Lauren Sargent's curator insight, April 17, 2014 9:47 PM

The term gerrymandering comes from an 1810 law that was created by Elbridge Gerry, Governor of Massachusetts, which repositioned and defined congressional districts based on population changes. After the law was passed, newspaper articles came out with pictures of the re-drawn districts in concerning shapes, such as a salamander. They linked the two words “salamander” and “Gerry” and called it gerrymandering. As time has gone on, gerrymandering has been manipulated by both the Republican and Democratic parties by them re-drawing districts specifically to change the possible outcome of their “political cartoon” if you will. House seats are being re-apportioned every presidential election year. The video suggested that these means of politics have made it so that “the politicians are choosing their voters, rather than the voters choosing their politicians”. This is causing major distrust in candidates and decrease in voter participation. Gerrymandering has been beneficial to incumbents because they change their districts to work in favor of their election. Both the Electoral College and gerrymandering can be seen as unfair or corrupt government practices because they can sometimes both not accurately depict the peoples' votes by changing their districts. With the Electoral College, they could win a majority of the electoral votes, but not the majority vote. With gerrymandering, a politician would be elected just because of the re-drawn, manipulated districts, which is ridiculous.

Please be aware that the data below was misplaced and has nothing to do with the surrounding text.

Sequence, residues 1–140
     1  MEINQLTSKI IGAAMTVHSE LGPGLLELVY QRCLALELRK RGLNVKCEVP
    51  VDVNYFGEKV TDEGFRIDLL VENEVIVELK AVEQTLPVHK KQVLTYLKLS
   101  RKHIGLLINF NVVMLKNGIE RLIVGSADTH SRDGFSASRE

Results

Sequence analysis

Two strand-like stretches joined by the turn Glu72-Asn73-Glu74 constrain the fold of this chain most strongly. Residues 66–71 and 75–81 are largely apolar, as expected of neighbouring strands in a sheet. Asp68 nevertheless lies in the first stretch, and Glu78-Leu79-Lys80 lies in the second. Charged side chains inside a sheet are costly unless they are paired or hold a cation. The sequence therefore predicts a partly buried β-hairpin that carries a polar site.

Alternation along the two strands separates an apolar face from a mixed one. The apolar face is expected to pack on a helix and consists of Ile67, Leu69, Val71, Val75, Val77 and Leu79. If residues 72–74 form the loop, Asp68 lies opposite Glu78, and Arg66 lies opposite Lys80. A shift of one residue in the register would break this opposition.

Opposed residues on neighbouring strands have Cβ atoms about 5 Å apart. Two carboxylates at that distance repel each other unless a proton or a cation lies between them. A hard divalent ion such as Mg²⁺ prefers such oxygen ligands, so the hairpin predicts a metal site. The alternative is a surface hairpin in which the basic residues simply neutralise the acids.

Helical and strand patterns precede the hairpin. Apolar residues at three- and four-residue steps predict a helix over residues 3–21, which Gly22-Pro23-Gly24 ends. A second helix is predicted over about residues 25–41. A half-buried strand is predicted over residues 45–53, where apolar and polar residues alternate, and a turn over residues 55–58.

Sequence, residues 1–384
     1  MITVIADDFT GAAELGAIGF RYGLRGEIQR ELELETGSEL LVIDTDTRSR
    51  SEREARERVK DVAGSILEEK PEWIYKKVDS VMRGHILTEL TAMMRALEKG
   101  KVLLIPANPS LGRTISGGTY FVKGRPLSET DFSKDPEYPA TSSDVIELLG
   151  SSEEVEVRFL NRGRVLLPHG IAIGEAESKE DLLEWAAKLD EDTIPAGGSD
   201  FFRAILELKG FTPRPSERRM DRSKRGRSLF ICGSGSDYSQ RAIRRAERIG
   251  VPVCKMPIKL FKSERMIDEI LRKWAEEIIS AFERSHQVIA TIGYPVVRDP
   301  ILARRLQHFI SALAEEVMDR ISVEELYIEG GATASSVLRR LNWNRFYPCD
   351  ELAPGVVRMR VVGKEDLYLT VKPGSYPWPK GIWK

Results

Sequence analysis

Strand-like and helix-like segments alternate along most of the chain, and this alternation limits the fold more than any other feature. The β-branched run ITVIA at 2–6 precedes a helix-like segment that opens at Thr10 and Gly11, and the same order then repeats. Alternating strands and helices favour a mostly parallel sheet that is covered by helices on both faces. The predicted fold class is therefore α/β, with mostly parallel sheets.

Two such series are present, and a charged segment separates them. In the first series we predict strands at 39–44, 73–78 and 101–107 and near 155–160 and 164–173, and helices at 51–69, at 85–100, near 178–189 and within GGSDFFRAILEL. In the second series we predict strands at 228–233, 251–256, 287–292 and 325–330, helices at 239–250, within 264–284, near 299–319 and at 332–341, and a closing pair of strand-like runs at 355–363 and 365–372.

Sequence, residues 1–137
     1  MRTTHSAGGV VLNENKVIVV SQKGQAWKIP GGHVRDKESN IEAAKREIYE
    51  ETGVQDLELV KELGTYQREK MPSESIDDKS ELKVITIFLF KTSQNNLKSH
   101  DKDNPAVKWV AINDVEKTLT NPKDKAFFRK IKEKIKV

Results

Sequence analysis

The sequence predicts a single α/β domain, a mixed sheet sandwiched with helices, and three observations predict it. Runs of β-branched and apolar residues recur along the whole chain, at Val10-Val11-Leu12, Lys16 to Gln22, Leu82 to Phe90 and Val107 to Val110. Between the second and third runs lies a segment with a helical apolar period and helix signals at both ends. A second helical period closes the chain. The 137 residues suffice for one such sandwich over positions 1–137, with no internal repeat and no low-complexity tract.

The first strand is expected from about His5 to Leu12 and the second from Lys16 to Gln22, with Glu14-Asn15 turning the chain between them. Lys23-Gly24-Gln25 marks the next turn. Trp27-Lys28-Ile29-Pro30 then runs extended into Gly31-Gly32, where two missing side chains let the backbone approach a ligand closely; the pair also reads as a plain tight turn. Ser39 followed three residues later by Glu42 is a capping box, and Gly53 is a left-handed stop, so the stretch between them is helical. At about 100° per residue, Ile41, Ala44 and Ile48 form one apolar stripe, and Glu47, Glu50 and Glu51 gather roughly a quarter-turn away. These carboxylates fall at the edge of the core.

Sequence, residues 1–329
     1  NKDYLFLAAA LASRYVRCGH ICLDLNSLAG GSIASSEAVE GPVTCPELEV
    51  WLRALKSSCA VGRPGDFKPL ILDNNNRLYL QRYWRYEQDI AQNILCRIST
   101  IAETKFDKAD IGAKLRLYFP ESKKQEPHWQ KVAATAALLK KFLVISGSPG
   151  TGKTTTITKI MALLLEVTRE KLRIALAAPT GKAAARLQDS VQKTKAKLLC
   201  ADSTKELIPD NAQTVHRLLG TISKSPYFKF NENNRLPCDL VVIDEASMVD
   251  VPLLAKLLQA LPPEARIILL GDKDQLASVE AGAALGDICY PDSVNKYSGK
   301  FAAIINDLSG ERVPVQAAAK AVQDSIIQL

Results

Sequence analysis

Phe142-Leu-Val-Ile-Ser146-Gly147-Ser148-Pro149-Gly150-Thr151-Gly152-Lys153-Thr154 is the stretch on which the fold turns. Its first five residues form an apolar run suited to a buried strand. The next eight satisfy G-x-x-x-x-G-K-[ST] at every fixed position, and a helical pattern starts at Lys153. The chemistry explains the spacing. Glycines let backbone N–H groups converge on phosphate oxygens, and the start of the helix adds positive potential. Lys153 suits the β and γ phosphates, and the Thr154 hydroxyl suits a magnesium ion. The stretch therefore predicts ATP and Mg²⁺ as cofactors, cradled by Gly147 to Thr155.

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2013 Debt Ceiling is Creating a Perfect Storm

2013 Debt Ceiling is Creating a Perfect Storm | JessicaLartigueBHSGOPO | Scoop.it
Treasury Secretary Jack Lew has drawn a red line on the debt ceiling debate, setting up a perfect storm.
Jessica Lartigue's insight:

Congress ended payroll tax deductions as part of the increaing debt ceiling.They believe no cuts is not an option. If Obama attacks Syria, his project savings will become void.

 

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Jessica Lartigue's comment, September 25, 2013 7:59 PM
With so many things hitting us right now, this just tops it off.
Jessica Lartigue's comment, September 25, 2013 8:00 PM
We cant afford another altercation
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Obama Tests Limits of Power in Syrian Conflict

Obama Tests Limits of Power in Syrian Conflict | JessicaLartigueBHSGOPO | Scoop.it
President Obama’s approach to Syria is likely to create an important precedent in the often murky legal question of when presidents or nations may lawfully use military force.

Via Teresa Herrin
Jessica Lartigue's insight:

Obama keeps saying it is important to carry out this attack because of important national interests. But why? What interests?...

more...
Tianna Kelly's curator insight, September 11, 2013 1:23 PM

I don't understand President Obama's statement that we must attack Syria because of U.S. national interests. What interests are these? Also, while Obama does legally have the right to launch a military attack on Syria without Congressional approval, the fact that public opinion says that we should not intervene, and that the U.S. is a supposed Democratic country, mean that he should not take it upon himself to act outside of public and Congressional approval. Otherwise, how is he any better than Assad?